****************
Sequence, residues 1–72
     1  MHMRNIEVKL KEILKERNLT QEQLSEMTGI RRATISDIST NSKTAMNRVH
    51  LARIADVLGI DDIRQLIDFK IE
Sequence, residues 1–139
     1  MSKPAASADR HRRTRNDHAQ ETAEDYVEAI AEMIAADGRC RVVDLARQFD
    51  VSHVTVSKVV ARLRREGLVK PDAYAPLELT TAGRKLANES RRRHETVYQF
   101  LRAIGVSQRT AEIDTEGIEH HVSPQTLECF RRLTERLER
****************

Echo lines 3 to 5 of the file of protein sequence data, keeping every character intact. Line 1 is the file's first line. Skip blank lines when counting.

    51  LARIADVLGI DDIRQLIDFK IE
Sequence, residues 1–139
     1  MSKPAASADR HRRTRNDHAQ ETAEDYVEAI AEMIAADGRC RVVDLARQFD